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"Your day of financial reckoning is nigh, Toronto"

This article was published in The Toronto Star on January 9, 2010.
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On Feb. 16 the city of Toronto will unveil its budget for 2010. Already the city, facing a shortfall of some $400 million to make ends meet, has called on all departments to cut their budgets by five per cent – making this the most highly anticipated municipal budget in years.

Yet this $400 million problem is nothing new. And the problem will only get worse unless the mayor and council are willing to "think big" and consider new ideas for restraining spending or raising revenues.

Throughout this past decade, Toronto has depended on a variety of non-sustainable sources of cash, including bailouts from the province and withdrawals from its own reserve accounts, to balance its budget. Put plainly, the city has been running a structural deficit since the start of the decade.

That structural deficit has grown rapidly, from a $72 million gap in 2002 to a $447 million rift last year.

So the $400 million hole for 2010 is hardly a new phenomenon. What has changed, this year, is the likelihood of pulling another rabbit out of the hat to plug it. Toronto has drawn down its reserves to a level much lower than neighbouring jurisdictions.

Meanwhile, the province now has a huge deficit of its own to confront this year. Queen's Park now has 24.7 billion reasons why it is highly unlikely to lend extraordinary help to the city – not just this year, but for the foreseeable future.

This time the city may be on its own to fill the gap. The options are limited: cut spending, monetize assets, or raise more money through a combination of increased property taxes, user fees and new revenue tools.

And because the problem is structural, it will only get worse.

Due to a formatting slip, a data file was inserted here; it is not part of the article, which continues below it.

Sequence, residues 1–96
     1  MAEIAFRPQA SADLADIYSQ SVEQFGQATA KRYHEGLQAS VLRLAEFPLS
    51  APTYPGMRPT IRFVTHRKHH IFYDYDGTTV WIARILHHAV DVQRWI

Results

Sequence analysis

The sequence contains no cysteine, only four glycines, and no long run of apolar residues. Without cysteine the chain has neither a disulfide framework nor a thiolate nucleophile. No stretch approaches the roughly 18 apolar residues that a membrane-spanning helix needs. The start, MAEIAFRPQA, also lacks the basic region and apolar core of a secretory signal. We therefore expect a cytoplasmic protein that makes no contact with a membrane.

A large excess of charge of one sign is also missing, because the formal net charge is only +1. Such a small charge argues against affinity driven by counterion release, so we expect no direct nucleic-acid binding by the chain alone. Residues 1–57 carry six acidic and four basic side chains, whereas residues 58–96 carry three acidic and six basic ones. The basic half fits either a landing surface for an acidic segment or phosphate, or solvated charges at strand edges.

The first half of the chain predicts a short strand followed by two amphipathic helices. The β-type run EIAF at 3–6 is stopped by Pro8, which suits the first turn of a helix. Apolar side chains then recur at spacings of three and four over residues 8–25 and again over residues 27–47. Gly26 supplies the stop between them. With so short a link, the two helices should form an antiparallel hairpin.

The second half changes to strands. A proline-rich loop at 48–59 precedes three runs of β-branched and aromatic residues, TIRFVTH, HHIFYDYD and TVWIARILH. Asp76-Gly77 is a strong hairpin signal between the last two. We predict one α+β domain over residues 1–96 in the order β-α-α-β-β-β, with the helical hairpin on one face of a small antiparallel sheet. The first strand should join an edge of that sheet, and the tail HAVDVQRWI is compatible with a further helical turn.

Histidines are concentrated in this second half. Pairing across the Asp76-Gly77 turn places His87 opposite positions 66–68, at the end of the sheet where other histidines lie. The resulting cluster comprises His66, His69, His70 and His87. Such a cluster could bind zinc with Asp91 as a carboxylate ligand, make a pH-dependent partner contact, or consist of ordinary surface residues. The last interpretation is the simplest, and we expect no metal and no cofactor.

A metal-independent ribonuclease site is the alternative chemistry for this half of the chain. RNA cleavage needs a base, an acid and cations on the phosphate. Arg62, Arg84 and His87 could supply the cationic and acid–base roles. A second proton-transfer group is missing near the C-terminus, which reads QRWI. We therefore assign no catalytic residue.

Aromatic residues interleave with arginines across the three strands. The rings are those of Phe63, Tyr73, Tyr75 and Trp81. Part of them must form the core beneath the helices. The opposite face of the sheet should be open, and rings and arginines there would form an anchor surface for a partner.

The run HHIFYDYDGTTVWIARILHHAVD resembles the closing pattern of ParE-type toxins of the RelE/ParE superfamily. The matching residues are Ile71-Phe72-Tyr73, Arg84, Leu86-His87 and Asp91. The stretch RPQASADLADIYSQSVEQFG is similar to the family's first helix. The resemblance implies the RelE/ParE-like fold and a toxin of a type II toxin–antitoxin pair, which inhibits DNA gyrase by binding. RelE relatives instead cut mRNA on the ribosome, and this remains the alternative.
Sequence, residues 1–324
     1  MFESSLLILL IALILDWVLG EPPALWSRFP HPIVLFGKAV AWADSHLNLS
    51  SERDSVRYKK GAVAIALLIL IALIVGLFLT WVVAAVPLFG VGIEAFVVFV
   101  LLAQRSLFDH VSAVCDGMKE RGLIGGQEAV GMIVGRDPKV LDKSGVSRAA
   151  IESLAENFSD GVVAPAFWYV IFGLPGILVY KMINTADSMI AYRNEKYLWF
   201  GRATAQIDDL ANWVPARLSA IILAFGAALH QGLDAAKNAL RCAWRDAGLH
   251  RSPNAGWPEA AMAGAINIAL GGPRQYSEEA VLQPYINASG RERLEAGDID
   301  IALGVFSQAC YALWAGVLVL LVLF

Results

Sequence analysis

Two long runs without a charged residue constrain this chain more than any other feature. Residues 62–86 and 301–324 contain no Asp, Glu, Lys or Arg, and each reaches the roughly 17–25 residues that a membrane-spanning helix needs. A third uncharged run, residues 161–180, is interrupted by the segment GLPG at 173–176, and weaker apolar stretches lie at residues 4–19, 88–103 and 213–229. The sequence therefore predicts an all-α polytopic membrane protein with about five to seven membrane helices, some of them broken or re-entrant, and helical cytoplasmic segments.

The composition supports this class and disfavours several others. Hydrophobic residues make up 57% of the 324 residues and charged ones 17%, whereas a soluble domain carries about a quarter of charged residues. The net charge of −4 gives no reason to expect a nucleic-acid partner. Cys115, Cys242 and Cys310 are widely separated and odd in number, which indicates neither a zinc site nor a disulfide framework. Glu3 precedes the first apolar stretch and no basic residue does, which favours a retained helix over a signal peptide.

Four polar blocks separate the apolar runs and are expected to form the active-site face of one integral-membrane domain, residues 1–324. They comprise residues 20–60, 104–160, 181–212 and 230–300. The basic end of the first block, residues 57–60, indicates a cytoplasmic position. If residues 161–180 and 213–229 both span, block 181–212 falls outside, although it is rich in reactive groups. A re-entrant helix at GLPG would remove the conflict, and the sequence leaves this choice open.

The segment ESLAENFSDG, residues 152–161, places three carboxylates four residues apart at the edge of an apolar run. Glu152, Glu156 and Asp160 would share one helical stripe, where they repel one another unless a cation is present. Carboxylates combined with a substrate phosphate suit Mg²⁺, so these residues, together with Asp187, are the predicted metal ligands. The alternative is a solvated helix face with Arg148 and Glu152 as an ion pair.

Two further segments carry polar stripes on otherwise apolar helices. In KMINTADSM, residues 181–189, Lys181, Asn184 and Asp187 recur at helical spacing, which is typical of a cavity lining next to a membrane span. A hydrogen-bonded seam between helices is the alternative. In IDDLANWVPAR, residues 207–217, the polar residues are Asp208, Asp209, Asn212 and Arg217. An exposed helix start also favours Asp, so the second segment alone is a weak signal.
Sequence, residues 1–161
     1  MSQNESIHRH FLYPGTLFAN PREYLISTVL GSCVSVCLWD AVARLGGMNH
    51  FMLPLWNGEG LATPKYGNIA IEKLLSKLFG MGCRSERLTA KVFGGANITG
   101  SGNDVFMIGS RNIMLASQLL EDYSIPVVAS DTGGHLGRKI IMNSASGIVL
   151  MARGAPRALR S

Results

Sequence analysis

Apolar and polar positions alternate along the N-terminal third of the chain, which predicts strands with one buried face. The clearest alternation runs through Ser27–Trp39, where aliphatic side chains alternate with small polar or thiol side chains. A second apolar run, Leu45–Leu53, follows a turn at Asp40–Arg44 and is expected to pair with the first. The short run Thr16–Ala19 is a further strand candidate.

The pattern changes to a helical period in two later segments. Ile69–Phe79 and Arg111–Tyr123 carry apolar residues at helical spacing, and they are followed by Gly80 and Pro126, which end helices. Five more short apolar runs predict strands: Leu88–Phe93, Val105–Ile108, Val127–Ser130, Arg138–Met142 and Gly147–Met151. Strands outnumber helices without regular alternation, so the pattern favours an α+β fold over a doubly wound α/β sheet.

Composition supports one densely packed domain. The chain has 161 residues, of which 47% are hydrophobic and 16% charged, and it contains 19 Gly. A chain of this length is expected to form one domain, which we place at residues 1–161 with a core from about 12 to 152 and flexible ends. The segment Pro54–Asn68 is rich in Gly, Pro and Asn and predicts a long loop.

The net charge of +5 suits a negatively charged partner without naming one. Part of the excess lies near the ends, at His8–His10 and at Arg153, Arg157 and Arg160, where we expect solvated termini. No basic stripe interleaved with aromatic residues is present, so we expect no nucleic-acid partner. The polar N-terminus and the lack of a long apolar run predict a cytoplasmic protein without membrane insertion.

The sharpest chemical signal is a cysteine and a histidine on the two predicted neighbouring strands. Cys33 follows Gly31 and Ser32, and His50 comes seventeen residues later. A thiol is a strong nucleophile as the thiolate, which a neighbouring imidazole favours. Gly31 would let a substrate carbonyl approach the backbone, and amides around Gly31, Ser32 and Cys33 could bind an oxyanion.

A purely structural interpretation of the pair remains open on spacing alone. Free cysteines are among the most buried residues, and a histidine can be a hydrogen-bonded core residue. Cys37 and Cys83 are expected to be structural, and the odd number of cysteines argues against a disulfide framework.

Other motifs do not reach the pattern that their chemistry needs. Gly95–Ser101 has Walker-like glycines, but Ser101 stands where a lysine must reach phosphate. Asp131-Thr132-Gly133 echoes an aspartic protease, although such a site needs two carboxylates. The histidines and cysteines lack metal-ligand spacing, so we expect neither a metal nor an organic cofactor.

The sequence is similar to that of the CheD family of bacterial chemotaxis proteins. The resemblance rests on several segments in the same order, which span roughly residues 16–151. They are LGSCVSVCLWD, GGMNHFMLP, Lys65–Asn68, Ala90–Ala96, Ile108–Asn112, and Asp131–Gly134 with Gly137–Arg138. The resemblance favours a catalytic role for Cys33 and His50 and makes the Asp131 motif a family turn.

How big could it get? It helps to extrapolate the city's budget out for the decade ahead, drawing upon historical trends and adjusting for known future changes, such as the social services costs that will be transferred from the city to the province. Even if spending growth is trimmed to 5 per cent per annum, but revenues continue to grow at 3 per cent, the $400 million structural deficit for 2010 widens to a $1.2 billion chasm by 2019. Funding a deficit this size would require a 37 per cent property tax hike over current levels.

But let's not jump to any tax-hike conclusions just yet. We first need to understand how these huge structural deficits emerged, and then consider the full range of options.

The problem is, at its root, a simple one. From 2000 through 2008, the city's operating expenditures increased at an annual average pace of 5.3 per cent. Yet its main source of revenue, property taxes, increased at 3.6 per cent per annum. It is this wedge between the growth rates of spending and revenue that gave rise to the structural deficit.

The city has made some attempts to address the sustainability of its finances, to little overall effect. Increases in user fees have provided some relief: for instance, the 9 per cent annual increases in water rates, in effect through 2012, ensure that water and sewer costs are covered entirely by a fee-for-service arrangement. Toronto's land transfer tax and vehicle-registration fees, introduced in 2008, are adding roughly $200 million per year to city coffers.

Yet despite these measures, the city's structural deficit has continued to grow. Simply put, Toronto's municipal government spends money faster than it collects it.

When you break down the expenditures, you can see which line items have been responsible for the lion's share of the rising costs. Many of the major categories of spending have been increasing faster than the 5.3 per cent average, including roads and transit (6.4 per cent) and police and fire services (6.1 per cent). The city borrows money to build its capital infrastructure, and the interest payments on that debt have been rising at an annual pace of 11 per cent.

Wages and salaries have been increasing at a rate of 6 per cent annually since 2000, due to a combination of a growing civic workforce and, most important, annual increases in the cost of wages and benefits.

Clearly Toronto's budget situation is a very serious one. It can be looked at in two ways. The city is either spending money above and beyond what its sustainable revenues warrant, or Torontonians are not paying enough in taxes and fees to sustain the city's spending track. The reality is that both perspectives contain some truth, though it's essential to exhaust all opportunities for efficiencies and cost reductions first.